MINNEAPOLIS -- The day after the Minnesota Timberwolves' most embarrassing performance of the season, the reeling group gathered at their practice facility ready to get back to work.
Only they didn't practice at all. Instead, interim coach Sam Mitchell brought the team together at center court for 90 minutes of talk and soul searching, giving each player the opportunity to offer his view on what wasn't working and what had to change going forward.
Such is life for a team that has lost seven of the past eight games and was run out of the gym in Philadelphia on Monday night by a 76ers team that had won just three times before then.
"I think it was good for us, for our young guys to hear what they think of each other and what they expect from each other," Mitchell said. "It was all positive. But everybody was just honest with each other, with the expectations of each other, what we need to give, from each other, to make our team more complete."
The Timberwolves were one of the surprise teams in the league early in the season, getting off to an 8-8 start with victories at Atlanta, Chicago and Miami. With Andrew Wiggins, Karl-Anthony Towns, Zach LaVine and Ricky Rubio forming a promising young core buttressed by Kevin Garnett, Tayshaun Prince and Andre Miller, the worst seemed to be over for a franchise that hasn't made the playoffs since 2004.
They haven't scored 100 points in their last eight games, have seen their once-solid defense crumble and shoot 3-pointers like teams did 20 years ago. Most troubling, they have exhibited very little energy while Mitchell has lamented over and over again just how long it takes for young players to learn how to play and compete at the NBA level.
Now the Wolves have joined the Lakers, Suns and Kings -- all franchises in some sort of turmoil or disrepair -- on the list of teams who have lost to Philly.
"I think we've touched the bottom now," Rubio said. "So we've got to find it somehow. Maybe because we're young and the rookie wall is on our minds or whatever. I don't want to say any excuses. It's us being aggressive going out there and wanting to win."
Throughout the season, Garnett, Prince and Miller have been the most vocal in practices and in the locker room. But Tuesday's meeting gave the youngsters a chance to make their voices heard.
"They have a lot to say," Mitchell said. "They have feelings, they have their perspective. They have things they feel like are fair, and things that are unfair. So you give them a chance -- you give anyone a chance -- to say what they're thinking."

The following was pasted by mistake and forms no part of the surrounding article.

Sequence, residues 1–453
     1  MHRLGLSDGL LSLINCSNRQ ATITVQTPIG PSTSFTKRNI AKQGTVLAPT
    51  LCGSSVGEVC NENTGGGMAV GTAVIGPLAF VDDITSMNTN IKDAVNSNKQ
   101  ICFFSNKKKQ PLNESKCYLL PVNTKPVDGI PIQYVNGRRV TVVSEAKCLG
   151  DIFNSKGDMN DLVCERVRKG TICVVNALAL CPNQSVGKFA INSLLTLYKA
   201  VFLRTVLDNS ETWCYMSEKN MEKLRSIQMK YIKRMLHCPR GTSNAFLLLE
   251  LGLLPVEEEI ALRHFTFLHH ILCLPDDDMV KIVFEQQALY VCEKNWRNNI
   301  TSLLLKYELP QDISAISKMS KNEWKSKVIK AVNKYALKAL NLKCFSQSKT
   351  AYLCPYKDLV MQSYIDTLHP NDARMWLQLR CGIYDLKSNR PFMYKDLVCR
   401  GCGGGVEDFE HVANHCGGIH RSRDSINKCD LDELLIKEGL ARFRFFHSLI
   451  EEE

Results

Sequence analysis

Mitchell tried to focus the conversation on sacrifice, setting aside concerns about stats or playing time for what is best for the team. He told the story of how he neared the end of his playing career and voluntarily gave up his starting spot to a young Garnett, a move that he said opened doors for his post-playing career as a coach.
"You can hear it in their voice. You can see it in their face. You can tell the sincerity of it and that it's coming from the heart," Mitchell said. "The hardest thing in this league is to say to another player, `You've got more talent than me. I expect more out of you."
Whether the session will help solve some of the issues plaguing the team remains to be seen. They host the Nuggets on Wednesday night, Kevin Love and the Cleveland Cavaliers on Friday night and the Dallas Mavericks on Sunday.
"It's probably the best practice of the year, for us," Towns said. "Especially more like a therapeutic session, allowing us even more to come together as a team and as a family."
Mitchell said both Kevin Martin, who has not played for the last seven games while the Wolves try to trade him, and Nikola Pekovic, who has not played this year after having offseason surgery on his Achilles, could return to the lineup on Wednesday night.
That's a little bit of good news for a roster that sorely needs some right now.
"I would say we can beat anybody but we can lose to anybody because that's what young teams do," Mitchell said. "Our thing for our young guys is being more consistent in our play, our focus and our concentration. And bring it to the table the best that you have every night."